The US based auto major is entering into a partnership with Dow Automotive Systems to work on carbon fiber composites for use in automotive applications. Dow Automotive Systems is a unit of Dow Chemicals. Ford Motor Company plans to use this technology in its high volume cars and trucks in pursuit of efforts to cut vehicle weight to improve fuel economy. Weight reduction is the buzzword now among all the automakers since it directly affects the fuel economy of the vehicle. A reduction in weight saves a lot of fuel.
With reduction in fuel economy, the automakers will also be able to meet the stringent fuel economy standards for the upcoming models. Ford aims to cut close to 250 pounds and 750 pounds from its new cars and trucks by making use of the lightweight materials. The Obama administration in US has already told the automakers to boost the average fuel efficiency of their cars and trucks to 54.5 miles per gallon by the 2025 model year.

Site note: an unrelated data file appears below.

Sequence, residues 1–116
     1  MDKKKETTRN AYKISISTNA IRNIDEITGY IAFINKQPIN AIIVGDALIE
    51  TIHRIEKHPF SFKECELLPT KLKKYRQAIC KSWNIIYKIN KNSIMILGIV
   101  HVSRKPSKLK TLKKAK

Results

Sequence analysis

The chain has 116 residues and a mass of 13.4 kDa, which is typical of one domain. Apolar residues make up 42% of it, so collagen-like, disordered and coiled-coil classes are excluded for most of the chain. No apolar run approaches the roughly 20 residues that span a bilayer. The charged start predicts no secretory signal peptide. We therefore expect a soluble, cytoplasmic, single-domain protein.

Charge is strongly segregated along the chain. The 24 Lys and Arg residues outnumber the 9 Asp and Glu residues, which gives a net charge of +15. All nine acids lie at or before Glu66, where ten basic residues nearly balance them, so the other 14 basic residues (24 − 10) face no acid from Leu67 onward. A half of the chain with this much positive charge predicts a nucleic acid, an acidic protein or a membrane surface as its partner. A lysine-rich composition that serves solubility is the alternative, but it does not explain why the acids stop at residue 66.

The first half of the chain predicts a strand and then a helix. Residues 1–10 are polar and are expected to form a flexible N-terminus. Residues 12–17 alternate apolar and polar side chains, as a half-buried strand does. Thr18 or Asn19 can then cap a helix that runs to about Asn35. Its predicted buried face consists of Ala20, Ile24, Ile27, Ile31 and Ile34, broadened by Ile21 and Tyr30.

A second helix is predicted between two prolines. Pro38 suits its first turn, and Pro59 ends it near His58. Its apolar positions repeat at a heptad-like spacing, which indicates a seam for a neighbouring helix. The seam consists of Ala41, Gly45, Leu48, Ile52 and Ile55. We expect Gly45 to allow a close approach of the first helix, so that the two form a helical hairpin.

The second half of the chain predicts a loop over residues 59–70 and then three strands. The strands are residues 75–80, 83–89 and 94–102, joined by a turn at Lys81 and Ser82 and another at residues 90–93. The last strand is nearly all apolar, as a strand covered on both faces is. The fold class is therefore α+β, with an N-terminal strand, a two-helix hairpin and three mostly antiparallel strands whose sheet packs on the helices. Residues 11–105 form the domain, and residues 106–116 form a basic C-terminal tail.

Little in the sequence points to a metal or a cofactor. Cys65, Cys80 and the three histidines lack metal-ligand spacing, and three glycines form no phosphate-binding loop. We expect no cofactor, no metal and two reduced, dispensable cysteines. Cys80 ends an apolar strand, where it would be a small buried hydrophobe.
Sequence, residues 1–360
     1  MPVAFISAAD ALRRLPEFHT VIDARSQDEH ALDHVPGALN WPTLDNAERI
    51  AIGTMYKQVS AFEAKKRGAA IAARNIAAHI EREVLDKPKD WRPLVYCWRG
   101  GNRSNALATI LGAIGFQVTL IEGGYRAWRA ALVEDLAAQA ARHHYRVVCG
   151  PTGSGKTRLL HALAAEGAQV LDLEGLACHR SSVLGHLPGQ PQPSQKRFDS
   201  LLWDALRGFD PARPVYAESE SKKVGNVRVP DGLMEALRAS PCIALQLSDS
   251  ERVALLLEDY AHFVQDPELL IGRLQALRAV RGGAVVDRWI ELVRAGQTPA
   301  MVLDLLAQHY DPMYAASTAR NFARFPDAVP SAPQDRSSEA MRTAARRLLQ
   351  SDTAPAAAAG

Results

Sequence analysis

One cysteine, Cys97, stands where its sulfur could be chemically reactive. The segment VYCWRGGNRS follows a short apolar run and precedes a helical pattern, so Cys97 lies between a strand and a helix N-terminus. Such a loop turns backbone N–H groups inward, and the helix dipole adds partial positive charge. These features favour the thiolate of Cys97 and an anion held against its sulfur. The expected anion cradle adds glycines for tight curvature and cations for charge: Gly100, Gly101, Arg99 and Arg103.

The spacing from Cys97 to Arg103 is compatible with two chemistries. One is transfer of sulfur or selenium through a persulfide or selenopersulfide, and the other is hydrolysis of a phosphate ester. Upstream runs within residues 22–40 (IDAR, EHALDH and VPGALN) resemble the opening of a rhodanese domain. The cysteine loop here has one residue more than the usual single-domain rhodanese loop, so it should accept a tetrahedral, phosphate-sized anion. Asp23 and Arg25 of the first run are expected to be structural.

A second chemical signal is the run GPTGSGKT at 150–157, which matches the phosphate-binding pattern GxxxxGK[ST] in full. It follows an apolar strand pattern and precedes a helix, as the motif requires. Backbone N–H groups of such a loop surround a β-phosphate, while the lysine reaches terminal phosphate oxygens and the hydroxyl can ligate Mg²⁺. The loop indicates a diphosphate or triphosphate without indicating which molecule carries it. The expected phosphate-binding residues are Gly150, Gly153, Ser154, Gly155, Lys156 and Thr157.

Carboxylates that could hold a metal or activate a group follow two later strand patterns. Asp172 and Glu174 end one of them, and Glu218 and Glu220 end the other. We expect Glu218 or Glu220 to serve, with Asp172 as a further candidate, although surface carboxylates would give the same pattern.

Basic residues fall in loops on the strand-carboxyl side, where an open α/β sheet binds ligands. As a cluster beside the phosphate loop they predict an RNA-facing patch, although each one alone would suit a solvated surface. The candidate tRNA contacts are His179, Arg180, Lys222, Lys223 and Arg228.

Ford is not the only company to get into such a partnership. Earlier, General Motors signed a similar deal with Teijin Ltd to develop advanced carbon fiber composites for GM vehicles worldwide. The company stated that use of carbon fibre is costly but it is 10 times stronger than regular grade steel and one quarter of steel’s weight. With effective use of carbon fibre in place of conventional steel, the vehicle weight can be reduced by upto 50%. Carbon fibers is already used in racing cars and products like hockey sticks. BMW is also making use of carbon fibre for its M3 Coupe.
Source – Reuters